SUTD CTF Tournament was an in-house CTF competition that aimed to introduce students to the
basic concepts of ciphers and encryptions. Teams were given a chance to create a CTF challenge
as well get the flags of other team's challenges.
My team created a challenge that consisted of two layers, a substitution cipher and a
transposition cipher.
The attacker has to first solve the substitution cipher provided by the Enigma stage, before
solving the transposition cipher provided by the Rubik's Cube stage.
For this project, I was in charge of the logic behind the Enigma stage, as well as coding most
of the backend infrastructure for students to solve the challenge.
Stage 1 - Enigma
In this task we converted the Enigma Machine into Python and gave it to the student to pass
through different keys and values. The Enigma machine was merely a really complex substitution
cipher, and as such we wanted students to learn the history and break the code the same way Alan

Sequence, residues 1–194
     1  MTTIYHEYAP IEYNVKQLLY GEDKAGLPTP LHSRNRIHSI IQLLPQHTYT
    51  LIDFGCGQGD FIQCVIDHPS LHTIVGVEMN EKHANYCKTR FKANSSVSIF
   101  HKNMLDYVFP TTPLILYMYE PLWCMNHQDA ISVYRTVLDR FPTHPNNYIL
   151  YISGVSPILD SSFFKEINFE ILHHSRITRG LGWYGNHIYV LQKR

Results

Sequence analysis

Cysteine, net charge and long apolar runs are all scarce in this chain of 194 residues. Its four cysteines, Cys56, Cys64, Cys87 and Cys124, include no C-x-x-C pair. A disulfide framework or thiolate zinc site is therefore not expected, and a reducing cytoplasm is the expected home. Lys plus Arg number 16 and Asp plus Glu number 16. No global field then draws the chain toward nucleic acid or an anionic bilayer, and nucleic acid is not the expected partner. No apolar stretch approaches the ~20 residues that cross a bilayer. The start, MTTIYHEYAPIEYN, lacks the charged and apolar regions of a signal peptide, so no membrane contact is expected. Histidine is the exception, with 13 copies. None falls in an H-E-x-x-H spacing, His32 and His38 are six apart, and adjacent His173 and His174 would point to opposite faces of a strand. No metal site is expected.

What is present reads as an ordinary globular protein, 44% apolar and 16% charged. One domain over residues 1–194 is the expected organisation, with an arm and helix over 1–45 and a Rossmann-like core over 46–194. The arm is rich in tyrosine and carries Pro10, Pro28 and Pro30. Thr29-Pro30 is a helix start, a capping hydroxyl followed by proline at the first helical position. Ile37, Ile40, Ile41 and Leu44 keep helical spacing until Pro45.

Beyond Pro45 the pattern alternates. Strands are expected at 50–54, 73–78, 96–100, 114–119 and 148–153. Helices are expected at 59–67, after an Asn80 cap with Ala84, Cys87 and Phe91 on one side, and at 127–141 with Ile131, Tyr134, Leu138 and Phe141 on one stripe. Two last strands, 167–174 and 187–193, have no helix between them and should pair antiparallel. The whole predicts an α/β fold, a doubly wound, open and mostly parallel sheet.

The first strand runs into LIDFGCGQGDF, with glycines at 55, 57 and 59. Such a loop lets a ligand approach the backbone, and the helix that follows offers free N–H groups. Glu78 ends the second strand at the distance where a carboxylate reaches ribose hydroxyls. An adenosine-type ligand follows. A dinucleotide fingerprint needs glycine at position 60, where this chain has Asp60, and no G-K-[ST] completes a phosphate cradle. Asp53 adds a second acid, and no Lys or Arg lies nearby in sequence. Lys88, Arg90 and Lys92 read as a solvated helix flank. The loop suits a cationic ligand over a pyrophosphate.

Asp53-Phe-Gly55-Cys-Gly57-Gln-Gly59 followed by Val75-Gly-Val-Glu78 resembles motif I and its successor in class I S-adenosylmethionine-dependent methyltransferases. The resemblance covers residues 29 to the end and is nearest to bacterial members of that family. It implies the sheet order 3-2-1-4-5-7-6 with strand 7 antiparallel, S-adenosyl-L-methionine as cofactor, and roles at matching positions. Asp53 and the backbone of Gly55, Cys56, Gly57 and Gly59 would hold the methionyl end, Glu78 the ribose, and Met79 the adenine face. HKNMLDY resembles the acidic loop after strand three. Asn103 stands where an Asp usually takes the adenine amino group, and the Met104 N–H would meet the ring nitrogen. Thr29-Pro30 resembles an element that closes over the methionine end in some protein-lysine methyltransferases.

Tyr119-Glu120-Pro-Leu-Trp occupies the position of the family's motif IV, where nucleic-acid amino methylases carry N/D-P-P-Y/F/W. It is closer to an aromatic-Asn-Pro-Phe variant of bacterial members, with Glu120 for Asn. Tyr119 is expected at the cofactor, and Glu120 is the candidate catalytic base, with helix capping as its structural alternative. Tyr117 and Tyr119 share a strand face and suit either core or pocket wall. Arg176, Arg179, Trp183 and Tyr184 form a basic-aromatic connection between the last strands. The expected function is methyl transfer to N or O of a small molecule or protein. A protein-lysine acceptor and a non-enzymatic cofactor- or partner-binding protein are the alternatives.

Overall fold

Turing did it (albeit with fast computers). Students were given the cipher, the first few
letters of the answer and the Python Enigma Machine code.
After learning about the history, students will understand that by using the first few letters
of the decrypted answer, together with the cipher, they are able to brute force the key out and
attain the rest of the encrypted answer.
Stage 2 - Rubik's Cube
The Rubik's Cube stage was the simpler out of the two stages.
The cipher provided by Stage 1 would be mappable onto a given mixed-up Rubik's Cube. OpenCV was
used to
simulate the cube. The key only had 12 letters, each corresponding to a different type of
Rubik's Cube turn. Students were tasked to solving the transposition cipher by solving the
Rubik's Cube. By understanding how the Rubik's cube can be solved, they would obtain the key,
thus solving the ciphered text.
However smarter groups noticed that it was pointless to solve the Rubik's cube, and instead,
just moved cipher around based on the mapping provided by the mixed-up Rubik's Cube.
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